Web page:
Leading the area in dealing with pain
Author(s): Joe Bush
Date: March 2, 2001
Fate is still trying to connect with a knockout blow on Mike Mercadante. It ruined one of his shoulders, thus snatching from him the sport he loved, wrestling. It first dislocated during an intramural football game two autumns ago.
"I didn't want to play real football because I didn't want to be injured," the St. Charles East senior says.
Mercadante made the varsity wrestling squad as a freshman and had a promising sophomore season. He had wrestled longer than any of his classmates.
The shoulder continued to pop out, and it did so in a dual against Glenbard North. It was his first match of the season, and his last.
A shoulder dislocation is a cruel injury. Not only does it hurt like heck - sometimes so much Mercadante says he can't speak coherently - the more it comes out, the more likely it will recur.
"It comes out in my sleep," he says.
The pain is physical, but the wound is mental. Imagine having what seems to be a dead limb.
"It feels like you have no control of it," Mercadante says. "It's a very scary feeling. You panic."
Mercadante says the shoulder disconnected about 15 times before he underwent surgery. There were torn ligaments, and the process was to have tied them up and given the shoulder mobility.
"Ninety-six percent of (the surgeries) are successful," he says.
Guess which percentile Mercadante is in? He estimates the shoulder has slipped out or been yanked out 25 times this season.
The last of his 25 bouts this season was in last Saturday's Class AA quarterfinal in Rock Island. Mercadante hadn't wrestled much since Jan. 27 at the Upstate Eight Conference meet.
Why? Well, it wasn't because of his shoulder. He suffered a concussion.
"It's been a ridiculous two years," he says.
He recovered in time to compete at the Sycamore regional the next week, and out came the shoulder in the second period of his first match. He couldn't continue.
He wasn't going out like that. If that was the case, he would have quit after getting pinned in a dual against DeKalb in early January.
It was a dual the Saints lost by 2 points, a loss for which Mercadante blames himself.
"I love the sport so much," he says. "I promised myself I wouldn't stop until the pain would override the desire. I tried to stay true to that."
The injury forced Mercadante to change his style to protect the shoulder. When he wore a skintight brace, it not only rendered the arm nearly useless, it restricted his breathing.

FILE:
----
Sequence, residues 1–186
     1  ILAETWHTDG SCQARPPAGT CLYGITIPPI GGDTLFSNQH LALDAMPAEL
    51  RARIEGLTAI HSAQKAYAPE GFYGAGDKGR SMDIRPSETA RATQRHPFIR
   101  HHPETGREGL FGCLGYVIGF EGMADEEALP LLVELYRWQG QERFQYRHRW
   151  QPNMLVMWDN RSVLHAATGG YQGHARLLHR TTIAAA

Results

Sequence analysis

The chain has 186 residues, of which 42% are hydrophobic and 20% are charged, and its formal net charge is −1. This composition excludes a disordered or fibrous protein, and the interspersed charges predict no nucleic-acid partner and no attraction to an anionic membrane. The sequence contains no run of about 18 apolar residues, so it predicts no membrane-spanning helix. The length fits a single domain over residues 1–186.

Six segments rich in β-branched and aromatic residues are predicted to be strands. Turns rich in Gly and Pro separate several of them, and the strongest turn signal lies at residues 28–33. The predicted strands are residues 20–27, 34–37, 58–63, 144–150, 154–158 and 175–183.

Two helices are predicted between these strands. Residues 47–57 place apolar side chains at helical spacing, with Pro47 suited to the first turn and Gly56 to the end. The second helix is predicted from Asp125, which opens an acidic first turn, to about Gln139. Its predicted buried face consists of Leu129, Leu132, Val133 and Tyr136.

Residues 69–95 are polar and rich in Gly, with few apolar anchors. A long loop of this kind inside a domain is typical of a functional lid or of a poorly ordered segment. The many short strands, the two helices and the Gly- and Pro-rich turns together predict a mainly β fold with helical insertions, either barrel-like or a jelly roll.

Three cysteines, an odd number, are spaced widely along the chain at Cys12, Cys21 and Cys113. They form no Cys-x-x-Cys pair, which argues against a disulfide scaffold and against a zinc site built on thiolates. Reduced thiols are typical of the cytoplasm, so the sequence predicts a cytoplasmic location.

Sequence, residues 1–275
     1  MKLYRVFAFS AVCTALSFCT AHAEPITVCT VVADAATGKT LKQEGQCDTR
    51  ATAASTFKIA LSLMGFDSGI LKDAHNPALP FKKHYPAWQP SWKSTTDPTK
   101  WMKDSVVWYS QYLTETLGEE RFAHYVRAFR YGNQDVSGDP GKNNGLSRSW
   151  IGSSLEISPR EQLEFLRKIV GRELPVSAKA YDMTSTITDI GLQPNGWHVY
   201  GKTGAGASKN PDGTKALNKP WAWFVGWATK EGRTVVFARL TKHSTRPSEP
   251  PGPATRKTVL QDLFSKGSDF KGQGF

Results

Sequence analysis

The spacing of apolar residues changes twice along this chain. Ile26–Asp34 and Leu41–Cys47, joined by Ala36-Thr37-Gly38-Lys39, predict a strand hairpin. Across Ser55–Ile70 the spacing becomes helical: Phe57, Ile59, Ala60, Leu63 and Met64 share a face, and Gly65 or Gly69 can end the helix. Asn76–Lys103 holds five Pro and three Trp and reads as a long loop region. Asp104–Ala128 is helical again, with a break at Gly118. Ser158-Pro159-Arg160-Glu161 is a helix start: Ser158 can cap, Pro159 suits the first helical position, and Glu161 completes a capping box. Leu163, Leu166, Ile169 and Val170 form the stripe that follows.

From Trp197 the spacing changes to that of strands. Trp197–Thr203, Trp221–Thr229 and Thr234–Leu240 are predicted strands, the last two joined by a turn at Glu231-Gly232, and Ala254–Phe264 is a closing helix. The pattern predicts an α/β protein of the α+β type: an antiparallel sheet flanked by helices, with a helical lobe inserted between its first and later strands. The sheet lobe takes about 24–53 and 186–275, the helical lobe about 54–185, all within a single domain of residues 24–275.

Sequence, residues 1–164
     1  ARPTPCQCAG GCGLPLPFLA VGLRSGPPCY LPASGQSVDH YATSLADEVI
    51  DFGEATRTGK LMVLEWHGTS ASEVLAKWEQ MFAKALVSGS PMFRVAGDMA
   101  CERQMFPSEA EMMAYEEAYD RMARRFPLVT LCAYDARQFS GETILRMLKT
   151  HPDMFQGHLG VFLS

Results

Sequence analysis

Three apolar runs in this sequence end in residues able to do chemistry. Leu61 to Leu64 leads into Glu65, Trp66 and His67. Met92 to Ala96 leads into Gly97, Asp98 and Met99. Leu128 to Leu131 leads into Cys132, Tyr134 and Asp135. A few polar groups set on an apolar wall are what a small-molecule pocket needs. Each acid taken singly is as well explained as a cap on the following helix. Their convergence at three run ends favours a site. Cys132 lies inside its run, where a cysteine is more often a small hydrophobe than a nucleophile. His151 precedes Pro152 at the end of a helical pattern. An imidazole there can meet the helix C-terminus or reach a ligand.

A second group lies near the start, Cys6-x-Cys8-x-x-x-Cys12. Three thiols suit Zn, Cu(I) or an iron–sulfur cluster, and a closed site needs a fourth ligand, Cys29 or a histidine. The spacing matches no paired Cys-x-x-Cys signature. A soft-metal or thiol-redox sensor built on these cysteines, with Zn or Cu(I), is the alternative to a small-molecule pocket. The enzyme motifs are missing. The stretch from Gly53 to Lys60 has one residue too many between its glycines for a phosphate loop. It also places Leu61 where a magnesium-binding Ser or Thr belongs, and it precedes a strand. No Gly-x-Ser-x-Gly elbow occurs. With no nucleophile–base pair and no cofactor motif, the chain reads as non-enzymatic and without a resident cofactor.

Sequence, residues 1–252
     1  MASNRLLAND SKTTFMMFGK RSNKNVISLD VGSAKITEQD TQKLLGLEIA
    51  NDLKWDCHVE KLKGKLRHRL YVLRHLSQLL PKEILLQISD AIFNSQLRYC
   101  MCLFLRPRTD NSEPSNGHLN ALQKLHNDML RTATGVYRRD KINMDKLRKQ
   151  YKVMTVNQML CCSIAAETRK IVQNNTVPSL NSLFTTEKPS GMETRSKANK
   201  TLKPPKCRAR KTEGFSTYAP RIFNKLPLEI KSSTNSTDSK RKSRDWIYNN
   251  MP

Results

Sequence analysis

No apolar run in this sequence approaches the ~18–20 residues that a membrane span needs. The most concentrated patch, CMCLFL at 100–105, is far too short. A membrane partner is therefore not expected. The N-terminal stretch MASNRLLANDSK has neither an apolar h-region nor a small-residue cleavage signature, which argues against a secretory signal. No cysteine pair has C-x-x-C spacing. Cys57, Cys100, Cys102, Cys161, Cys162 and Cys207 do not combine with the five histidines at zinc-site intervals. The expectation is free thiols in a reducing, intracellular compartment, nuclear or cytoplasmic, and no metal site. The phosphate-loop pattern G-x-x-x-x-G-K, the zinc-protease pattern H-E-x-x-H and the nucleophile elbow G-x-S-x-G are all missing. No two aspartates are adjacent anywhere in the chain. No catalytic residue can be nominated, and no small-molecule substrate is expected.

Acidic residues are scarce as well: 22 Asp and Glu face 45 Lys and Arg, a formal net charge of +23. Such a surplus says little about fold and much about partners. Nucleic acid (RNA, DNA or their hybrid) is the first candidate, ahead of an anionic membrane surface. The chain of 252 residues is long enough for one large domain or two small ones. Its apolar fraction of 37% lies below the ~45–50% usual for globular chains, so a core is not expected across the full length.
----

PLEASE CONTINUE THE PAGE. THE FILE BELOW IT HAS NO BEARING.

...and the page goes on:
Still, he practiced in it between the regional and the Rockford East team sectional. He wasn't needed in both sectional duals, which the Saints won to get to the Elite Eight.
That was a goal of the seniors, a tight group led in part by Mercadante. You've heard of leading by example? Mercadante's your man.
His teammates saw not only his persistence at competing despite his injury, they watched as he encouraged and taught and scouted opponents for them.
"He'd have the main report on every next guy," senior Matt Kinney says.
So Mercadante knew well what he was getting into by pushing for one more match: Providence junior Don Reynolds, whom Mercadante could have scouted as Reynolds destroyed the 140-pound competition at the Class AA finals in Champaign.
No different than any other wrestler who faces an elite foe in the dual-team tournament, Mercadante knew his final match would be for the team.
"My job was to keep it as close as possible," he says.
He did that, losing by major decision to Reynolds, who saw the brace and showed no mercy.
"He was getting (the shoulder) cranked on pretty good," Saints coach Steve Smerz says. "He was fighting through some pain."
Not nearly enough to overcome the desire.
Mercadante is an accomplished maker of ceramics - bowls, cups, whatever can be thrown on a wheel and baked in a kiln - and will study art education at North Central College.
He'd still like to be an accomplished wrestler, and he is nearly sure that he will have another surgery so he can wrestle for the Cardinals. He wants to be a wrestling coach.
"That kid must love wrestling," Kinney says. "None of us love it as much as him."
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